Published on: 2 February 2014 | Last updated: 7 January 2020
While the larger Tuscan cities like Siena and Volterra are deservedly big attractions, it would be a big mistake to ignore the smaller towns and villages. This section of the tour takes you to Casole d’Elsa and Monteriggioni - both have been awarded Bandiera Arancione (orange flag) status by the Touring Club Italiano.
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Map and altitude profile
Another fairly short section - but as is often the case in Italy, the key statistic is the amount of climbing.
Coming out of the city you take the street that takes you past the hulking great fortress built by the Medici, which today is used as prison (Casa di Reclusione). It’s best known as home to the renowned theatre company Compagnia della Fortezza (it).
As you come out of the gates on your left-hand side there’s a plaque commemorating the liberation of the city in 1944 with a photo of the GIs coming up the street towards the gate.
There’s then a descent past some glorious scenery, followed by a 9-kilometre stretch on the main road between Siena and Cecina this is relatively busy - but the road is reasonably wide and the views from the road are exceptional. You then turn off onto a much quieter, in fact practically deserted, road to Casole d’Elsa (402m) 11 kms further on at the 25-kilometre point.
Casole is a great place to stop for a break, but if you do nothing else, park your bike and climb to the top of the belvedere(viewpoint) for an exceptional view over southern Toscana. Casole also has its own palio which takes place on the second Sunday in July, for more information see ecomuseovaldelsa.org - Palio di Casole d‘Elsa.
The next stop is the walled city of Monteriggioni at the 45-kilometre point, a tiny village with an almost perfectly-preserved set of medieval walls. You walk along the walls and enjoy the views (opening times and prices).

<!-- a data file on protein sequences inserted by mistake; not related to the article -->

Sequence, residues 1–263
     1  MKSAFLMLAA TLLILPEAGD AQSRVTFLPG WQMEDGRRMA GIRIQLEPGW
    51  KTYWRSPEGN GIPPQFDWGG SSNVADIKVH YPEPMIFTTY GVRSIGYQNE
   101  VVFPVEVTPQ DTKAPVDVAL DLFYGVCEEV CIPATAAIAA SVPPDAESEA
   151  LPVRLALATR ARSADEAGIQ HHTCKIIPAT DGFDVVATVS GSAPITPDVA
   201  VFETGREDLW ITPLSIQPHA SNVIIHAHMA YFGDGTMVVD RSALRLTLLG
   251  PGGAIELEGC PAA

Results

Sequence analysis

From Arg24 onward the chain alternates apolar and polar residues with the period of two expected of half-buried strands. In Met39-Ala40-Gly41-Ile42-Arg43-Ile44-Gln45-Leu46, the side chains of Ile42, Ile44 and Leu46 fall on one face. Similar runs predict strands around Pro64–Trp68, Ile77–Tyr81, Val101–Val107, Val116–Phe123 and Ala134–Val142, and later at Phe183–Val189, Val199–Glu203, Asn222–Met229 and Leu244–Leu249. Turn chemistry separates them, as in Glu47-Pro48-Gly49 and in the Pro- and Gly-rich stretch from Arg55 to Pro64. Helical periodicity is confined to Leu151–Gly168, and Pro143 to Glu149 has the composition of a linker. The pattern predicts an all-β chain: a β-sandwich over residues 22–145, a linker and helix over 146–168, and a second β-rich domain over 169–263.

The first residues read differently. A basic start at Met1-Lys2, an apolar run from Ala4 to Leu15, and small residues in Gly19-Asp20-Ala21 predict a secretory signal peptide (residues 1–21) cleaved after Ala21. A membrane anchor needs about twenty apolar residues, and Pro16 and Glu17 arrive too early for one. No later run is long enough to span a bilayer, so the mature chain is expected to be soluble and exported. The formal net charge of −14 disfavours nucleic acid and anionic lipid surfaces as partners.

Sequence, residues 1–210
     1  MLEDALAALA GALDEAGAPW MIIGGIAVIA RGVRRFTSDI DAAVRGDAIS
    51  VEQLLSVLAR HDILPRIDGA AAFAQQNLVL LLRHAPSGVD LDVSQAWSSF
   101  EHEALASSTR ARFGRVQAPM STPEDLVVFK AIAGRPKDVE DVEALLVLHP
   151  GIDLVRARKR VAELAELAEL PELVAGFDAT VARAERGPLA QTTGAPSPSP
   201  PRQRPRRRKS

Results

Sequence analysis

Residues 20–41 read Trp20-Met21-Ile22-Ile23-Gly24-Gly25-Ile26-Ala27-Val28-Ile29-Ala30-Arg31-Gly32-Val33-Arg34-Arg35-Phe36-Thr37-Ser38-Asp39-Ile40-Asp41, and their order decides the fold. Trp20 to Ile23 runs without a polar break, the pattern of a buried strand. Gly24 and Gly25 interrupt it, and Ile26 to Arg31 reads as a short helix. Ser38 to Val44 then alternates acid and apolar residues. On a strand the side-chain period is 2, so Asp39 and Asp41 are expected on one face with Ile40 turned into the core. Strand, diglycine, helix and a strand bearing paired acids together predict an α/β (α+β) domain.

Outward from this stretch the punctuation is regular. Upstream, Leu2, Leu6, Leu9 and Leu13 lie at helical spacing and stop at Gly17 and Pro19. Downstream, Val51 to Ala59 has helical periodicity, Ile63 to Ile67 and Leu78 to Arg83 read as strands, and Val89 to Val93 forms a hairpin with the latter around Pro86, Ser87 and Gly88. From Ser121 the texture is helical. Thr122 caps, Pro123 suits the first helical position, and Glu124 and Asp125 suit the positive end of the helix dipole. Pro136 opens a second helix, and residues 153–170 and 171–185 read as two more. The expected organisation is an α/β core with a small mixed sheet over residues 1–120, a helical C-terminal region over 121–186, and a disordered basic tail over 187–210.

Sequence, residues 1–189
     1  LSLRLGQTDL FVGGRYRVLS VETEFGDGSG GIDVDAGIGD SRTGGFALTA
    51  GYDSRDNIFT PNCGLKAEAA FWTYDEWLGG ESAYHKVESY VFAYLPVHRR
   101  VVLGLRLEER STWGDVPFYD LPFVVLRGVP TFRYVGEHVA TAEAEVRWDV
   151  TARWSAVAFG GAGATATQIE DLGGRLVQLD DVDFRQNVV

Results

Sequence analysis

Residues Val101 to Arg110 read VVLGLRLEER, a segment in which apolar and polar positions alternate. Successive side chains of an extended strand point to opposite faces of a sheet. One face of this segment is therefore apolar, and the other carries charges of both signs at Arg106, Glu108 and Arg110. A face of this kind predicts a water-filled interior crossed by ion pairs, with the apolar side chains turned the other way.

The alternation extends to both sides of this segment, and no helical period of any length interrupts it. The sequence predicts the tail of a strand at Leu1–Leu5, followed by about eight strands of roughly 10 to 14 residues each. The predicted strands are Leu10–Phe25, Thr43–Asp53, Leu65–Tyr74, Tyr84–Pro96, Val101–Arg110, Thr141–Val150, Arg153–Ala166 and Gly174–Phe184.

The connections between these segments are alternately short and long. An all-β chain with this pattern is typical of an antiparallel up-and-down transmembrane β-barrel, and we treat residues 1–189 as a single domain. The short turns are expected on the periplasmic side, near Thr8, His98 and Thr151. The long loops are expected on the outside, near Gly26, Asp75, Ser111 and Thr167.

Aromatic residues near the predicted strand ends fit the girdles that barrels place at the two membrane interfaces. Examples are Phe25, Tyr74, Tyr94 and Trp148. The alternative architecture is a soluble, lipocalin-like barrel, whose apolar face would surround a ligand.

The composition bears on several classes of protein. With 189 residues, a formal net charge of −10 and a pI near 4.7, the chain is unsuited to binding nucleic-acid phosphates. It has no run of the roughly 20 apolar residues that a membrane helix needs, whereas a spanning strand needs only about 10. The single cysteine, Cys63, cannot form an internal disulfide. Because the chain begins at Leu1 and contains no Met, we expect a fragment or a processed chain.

Dante Alighieri used the towers of Monteriggioni to evoke the sight of the ring of giants encircling the Infernal abyss.
Show quotation and translation
“però che, come su la cerchia tonda
Montereggion di torri si corona,
così la proda che ‘l pozzo circonda
torreggiavan di mezza la persona
li orribili giganti, cui minaccia
Giove del cielo ancora quando tuona.”
Dante Alighieri, Inferno canto XXXI, lines 40-45
“As with circling round
Of turrets, Monteriggioni crowns his walls;
E’en thus the shore, encompassing the abyss,
Was turreted with giants, half their length
Uprearing, horrible, whom Jove from heaven
Yet threatens, when his muttering thunder rolls. ”
Translation Henry Francis Cary. Source en.wikipedia.org
The town also appears in the game Assassin’s Creed II and Assassin’s Creed: Brotherhood Monteriggioni as it appears in the Assassin’s Creed Brotherhood (image opens in overlay)Source: Assassin’s Creed Wiki.
When I visited Monteriggioni the first thing that struck me, after the view of the city walls, was the size of the nearby car park: in the peak tourist season it clearly attracts a lot of visitors.
From Monteriggioni there are 8 kilometres alone the Via Cassia to the Siena ring road. In complete contrast to the section at Certaldo, this is relatively quiet and scenic.
From the ring road the route follows the Ciclovia Francigena (until recently called the Ciclovia dei Pellegrini) (eurovelo 5) into the centre of Siena. Note that if you are planning to stay at the campsite it’s probably best to turn off before the centre.
The Piazza del Campo
The central piazza that hosts the annual Palio horse race. The piazza is big but you wonder how you could stage a horse race there. and why anyone in their right mind would want to be a jockey in the race.
With the Torre del Mangia, Siena’s major landmark and visible for miles around. One of the civic towers that was built in the middle ages by the comuni as expressions of civic pride and assertions of independence from Pope and Emperor. Siena’s at 88 metres is almost but not quite the tallest in Italy (it’s beaten by Bologna and Cremona). It’s called the Torre del Mangia after its first guardian Giovanni di Balduccio, who was nicknamed Mangiacquadagnior simply ‘Mangia’ because of his reputation as a spendthrift - literally translated the name means ‘eats earnings’.
You can climb the tower. (opening hours and ticket prices).